A is for Argyll, the unlikely birth place of a children's TV cult. In 1963, Eric Thompson was handed films of an obscure French children's animation when he was presenting Play School and asked to create a version in English. Instead of trying to translate, he sat in the kitchen of their house on Scotland's west coast, turned down the volume and made up words to match the pictures. His widow, the actor Phyllida Law says: "While I was skimming stones in the loch with the girls, Mr Thompson would set himself up by the range with his cricket table and a wee whisky and rewrite the show. He'd play the original on an old Steinbeck projector... and he'd operate it with his feet. It was a laborious job." This way of working explains two things: Dougal's otherwise perplexing obsession with his Scottish heritage and some of the scripts' surrealism. Thompson's eyesight was such he often could not tell the difference between, say, a sugar lump and a house. The girls, incidentally, grew up to be the a
A is for Argyll, the unlikely birth place of a children's TV cult. In 1963, Eric Thompson was handed films of an obscure French children's animation when he was presenting Play School and asked to create a version in English. Instead of trying to translate, he sat in the kitchen of their house on Scotland's west coast, turned down the volume and made up words to match the pictures. His widow, the actor Phyllida Law says: "While I was skimming stones in the loch with the girls, Mr Thompson would set himself up by the range with his cricket table and a wee whisky and rewrite the show. He'd play the original on an old Steinbeck projector... and he'd operate it with his feet. It was a laborious job." This way of working explains two things: Dougal's otherwise perplexing obsession with his Scottish heritage and some of the scripts' surrealism. Thompson's eyesight was such he often could not tell the difference between, say, a sugar lump and a house. The girls, incidentally, grew up to be the actors Emma and Sophie Thompson.
B is for Brian the snail. "Snails," as Brian himself says, "are underestimated." It is hard to imagine how many of Dougal the dog's harebrained schemes would have ended in disaster without the measured mollusc. Thompson chose to call him Brian because he hated soppy names for animals, and he believed he was closest in character to Brian (though Law has suggested that her husband more closely resembled Dougal). Jim Broadbent does the voice in the movie, not that great such a leap from playing John Bayley in Iris when you come to think about it.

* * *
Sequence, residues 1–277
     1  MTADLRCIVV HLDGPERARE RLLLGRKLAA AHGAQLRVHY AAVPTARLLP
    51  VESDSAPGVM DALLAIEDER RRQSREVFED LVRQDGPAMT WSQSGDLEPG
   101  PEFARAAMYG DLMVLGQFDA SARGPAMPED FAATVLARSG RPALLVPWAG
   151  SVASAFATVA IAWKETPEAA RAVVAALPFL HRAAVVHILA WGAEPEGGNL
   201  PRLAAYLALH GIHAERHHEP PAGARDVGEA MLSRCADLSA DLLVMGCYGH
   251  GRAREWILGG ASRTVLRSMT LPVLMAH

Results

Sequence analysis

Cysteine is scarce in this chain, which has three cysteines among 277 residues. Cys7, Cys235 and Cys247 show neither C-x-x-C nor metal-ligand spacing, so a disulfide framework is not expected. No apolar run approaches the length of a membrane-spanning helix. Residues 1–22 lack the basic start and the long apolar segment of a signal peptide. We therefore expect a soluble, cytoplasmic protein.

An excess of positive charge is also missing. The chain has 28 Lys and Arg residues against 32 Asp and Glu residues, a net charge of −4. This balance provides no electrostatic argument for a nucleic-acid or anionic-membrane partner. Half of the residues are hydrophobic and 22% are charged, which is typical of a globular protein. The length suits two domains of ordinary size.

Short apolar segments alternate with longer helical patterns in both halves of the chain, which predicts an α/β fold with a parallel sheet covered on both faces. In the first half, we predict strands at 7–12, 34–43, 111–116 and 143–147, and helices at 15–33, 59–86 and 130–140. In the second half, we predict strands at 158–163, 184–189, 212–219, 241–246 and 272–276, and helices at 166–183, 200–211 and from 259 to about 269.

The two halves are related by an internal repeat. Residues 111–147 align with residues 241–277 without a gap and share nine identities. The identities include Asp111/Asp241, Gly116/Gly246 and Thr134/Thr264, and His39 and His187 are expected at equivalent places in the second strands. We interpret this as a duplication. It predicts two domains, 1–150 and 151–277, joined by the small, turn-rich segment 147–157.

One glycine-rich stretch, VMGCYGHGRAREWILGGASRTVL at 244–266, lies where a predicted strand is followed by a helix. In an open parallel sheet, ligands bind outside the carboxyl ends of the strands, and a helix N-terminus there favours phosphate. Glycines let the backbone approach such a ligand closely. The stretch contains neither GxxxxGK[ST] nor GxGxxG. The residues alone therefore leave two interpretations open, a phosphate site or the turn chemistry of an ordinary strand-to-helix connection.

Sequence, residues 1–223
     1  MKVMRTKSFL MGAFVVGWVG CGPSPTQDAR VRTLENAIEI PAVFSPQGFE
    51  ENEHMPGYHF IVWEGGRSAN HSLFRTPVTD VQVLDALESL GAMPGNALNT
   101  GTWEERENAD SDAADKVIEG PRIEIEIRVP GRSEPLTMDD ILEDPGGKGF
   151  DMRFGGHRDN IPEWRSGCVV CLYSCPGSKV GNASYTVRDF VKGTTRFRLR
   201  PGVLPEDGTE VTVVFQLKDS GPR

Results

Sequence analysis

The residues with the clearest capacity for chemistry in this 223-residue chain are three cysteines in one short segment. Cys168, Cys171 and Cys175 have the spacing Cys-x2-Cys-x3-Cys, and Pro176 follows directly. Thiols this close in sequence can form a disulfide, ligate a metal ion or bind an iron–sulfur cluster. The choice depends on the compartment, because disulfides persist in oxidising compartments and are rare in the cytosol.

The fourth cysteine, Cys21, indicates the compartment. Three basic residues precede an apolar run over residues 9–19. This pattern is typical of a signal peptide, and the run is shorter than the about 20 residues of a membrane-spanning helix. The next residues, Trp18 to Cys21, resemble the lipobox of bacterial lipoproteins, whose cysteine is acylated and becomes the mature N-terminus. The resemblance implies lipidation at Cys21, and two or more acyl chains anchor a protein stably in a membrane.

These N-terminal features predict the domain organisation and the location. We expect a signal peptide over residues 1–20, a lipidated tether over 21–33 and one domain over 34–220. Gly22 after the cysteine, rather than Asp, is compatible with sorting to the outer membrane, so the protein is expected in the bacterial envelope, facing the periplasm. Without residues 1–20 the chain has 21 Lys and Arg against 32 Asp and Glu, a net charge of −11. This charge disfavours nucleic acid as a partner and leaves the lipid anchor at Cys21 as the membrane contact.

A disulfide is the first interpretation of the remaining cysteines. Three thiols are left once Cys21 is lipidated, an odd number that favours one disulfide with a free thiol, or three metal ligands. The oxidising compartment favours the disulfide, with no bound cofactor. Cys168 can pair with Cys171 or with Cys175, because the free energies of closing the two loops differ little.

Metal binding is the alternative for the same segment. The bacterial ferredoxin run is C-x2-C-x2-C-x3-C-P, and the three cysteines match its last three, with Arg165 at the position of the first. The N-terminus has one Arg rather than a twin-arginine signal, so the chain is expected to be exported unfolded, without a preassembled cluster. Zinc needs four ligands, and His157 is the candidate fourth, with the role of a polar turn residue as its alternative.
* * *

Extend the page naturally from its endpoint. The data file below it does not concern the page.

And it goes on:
C is for cow. Ermintrude the Ayrshire is Brian's biologically unlikely love interest and has been credited with inspiring Molly Sugden's performance as Mrs Slocombe in Are You Being Served? (though whether that is a good thing is up to you to decide). According to Law, the barking bovine was based on her "theatrical and vague" self.
D is for Danot. The son of a tanner from near Sevres, Serge Danot might well have spent his life as a decorator if he had not broken his foot in an accident. But by the time he came up with the idea for Le Manege Enchante, in the early 1960s, he was working in advertising. Teaming up with the British animator Ivor Wood (see W), Danot filmed the early episodes in a derelict Parisian apartment block. Unlike the British adaptation, the original version had a separate actor playing each part. By comparison, it was also low on jokes. Yet the tale of a deserted merry-go-round brought back to life through the magic of a jack-in-the-box called Zebulon proved an instant hit, though that may have had as much to do with the dreary output of the state broadcaster ORTF as it did with Danot's storytelling. About 700 five-minute episodes were made.
E is for Eiffel Tower. One of Danot's early jobs was to help paint the Parisian landmark. It is said to have left him with an abiding hatred of green paint, which legend has it accounts for the red, white, blue and orange colour scheme of the "Bois Joli" and (excepting whatever Dylan the hippy rabbit may or may not be smoking) its lack of grass.